Olympics in the Lowcountry
Ever notice that when Wimbledon or the U.S. Open is on TV, tennis courts get more crowded? Or when Lance Armstrong was winning the Tour de France, year after year for seven years, that the roads seemed to have more cyclists on them? Or during the Big Dance, you may get the urge to pull the basketball out of the closet for the first time in a year?
Well, the Olympics are here.
For more than two weeks, it will be hard not to tune into the world's greatest sports spectacle (3,600 hours of Olympic Games coverage on NBC, its cable networks as well as online streaming video). It equally will be hard not to be inspired. Part of that inspiration may be to get off the couch, or out of your activity rut, and try a few of the sports that you see on the tube or online.
And you may be somewhat surprised at the samplings of Olympic sports that are available right here in the Greater Charleston area.
For most Americans, badminton means tapping a "birdie" back and forth over a net in the backyard during a family picnic. But check out badminton at the Olympics. It's indoors and intense.
To play competitively, you need to run, jump, twist, stretch and strike. Play incorporates explosive moves, fast reflexes and good hand-eye coordination. Studies have shown that badminton players keep the birdie, or actually the shuttlecock, in play twice as long as tennis players keep a ball in play. Even by general standards, the number of calories per hour burned playing badminton ranges from 280 to more than 600.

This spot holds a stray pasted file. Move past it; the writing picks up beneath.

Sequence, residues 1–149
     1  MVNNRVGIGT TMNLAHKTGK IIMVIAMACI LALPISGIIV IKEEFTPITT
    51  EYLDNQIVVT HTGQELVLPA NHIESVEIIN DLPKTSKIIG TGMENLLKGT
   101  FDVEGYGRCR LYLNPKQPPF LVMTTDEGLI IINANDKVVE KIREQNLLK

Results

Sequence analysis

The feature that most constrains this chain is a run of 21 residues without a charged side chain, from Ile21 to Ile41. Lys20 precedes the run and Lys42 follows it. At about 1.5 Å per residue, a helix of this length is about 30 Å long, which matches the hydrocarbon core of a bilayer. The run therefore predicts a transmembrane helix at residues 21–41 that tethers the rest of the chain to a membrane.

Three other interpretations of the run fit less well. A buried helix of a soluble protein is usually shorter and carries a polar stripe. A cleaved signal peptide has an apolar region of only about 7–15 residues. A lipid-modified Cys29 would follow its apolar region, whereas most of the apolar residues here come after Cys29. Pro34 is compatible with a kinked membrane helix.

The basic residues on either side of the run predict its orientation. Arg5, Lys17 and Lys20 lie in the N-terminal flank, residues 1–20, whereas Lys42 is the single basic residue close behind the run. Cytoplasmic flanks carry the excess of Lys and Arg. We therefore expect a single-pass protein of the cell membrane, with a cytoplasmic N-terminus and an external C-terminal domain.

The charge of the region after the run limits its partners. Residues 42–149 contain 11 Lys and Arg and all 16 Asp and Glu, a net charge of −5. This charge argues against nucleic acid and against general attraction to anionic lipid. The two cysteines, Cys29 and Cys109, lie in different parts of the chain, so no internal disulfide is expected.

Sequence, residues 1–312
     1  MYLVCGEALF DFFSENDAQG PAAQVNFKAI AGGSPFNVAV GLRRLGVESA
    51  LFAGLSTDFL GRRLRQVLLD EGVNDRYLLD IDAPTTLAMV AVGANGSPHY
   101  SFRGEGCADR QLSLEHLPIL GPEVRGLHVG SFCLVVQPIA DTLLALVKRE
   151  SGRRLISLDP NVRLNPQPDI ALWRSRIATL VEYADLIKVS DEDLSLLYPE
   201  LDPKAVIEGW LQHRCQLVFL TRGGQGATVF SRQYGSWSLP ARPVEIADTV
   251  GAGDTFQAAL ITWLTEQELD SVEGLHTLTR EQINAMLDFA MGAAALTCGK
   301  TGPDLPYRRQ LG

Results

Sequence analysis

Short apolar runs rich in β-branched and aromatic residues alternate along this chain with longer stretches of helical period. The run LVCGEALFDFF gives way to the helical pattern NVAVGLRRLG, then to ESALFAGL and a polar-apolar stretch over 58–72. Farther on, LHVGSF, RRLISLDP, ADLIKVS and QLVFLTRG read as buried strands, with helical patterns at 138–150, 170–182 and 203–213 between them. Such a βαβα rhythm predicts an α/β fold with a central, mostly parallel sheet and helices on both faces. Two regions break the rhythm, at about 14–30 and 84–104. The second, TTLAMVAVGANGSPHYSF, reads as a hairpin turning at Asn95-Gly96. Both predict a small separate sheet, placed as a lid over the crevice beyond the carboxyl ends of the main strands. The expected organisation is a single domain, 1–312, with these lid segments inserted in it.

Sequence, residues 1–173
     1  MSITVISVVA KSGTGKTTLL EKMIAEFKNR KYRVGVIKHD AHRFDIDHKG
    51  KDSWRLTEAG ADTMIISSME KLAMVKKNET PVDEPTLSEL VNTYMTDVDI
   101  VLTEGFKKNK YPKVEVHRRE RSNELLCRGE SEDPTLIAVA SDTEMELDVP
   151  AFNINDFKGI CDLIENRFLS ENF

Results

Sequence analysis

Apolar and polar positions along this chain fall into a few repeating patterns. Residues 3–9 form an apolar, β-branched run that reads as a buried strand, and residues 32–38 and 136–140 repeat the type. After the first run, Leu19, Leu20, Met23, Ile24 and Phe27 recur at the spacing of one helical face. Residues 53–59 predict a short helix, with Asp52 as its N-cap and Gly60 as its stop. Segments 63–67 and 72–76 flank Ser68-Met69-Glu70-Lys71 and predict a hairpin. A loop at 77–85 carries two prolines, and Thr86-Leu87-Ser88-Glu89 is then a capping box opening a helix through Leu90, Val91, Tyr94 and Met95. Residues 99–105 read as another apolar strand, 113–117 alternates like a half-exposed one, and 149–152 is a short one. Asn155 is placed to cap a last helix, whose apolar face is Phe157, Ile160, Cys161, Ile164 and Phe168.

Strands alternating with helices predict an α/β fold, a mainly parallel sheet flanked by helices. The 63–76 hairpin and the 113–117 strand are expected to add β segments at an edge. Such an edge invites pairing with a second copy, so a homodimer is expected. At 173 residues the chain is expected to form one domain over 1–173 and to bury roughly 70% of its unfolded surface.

But where the heck can you play indoors in Charleston? The College of Charleston opens up its gymnasium at George and Meeting streets to the public, without charge, 6-8 p.m. Fridays and even provides rackets and shuttlecocks. (Gym use later this summer and fall depends on construction.)
Keep up to date by checking www.badmintoncharleston.com or calling Gene Sessoms at 953-5559 to confirm play times.
Beach volleyball is fairly new at the Olympics, starting as an exhibition sport at the '92 Summer Games in Barcelona and becoming official at the '96 Games in Atlanta.
In the last two springs, beach volleyball has been spotlighted in Charleston with the AVP Charleston Open.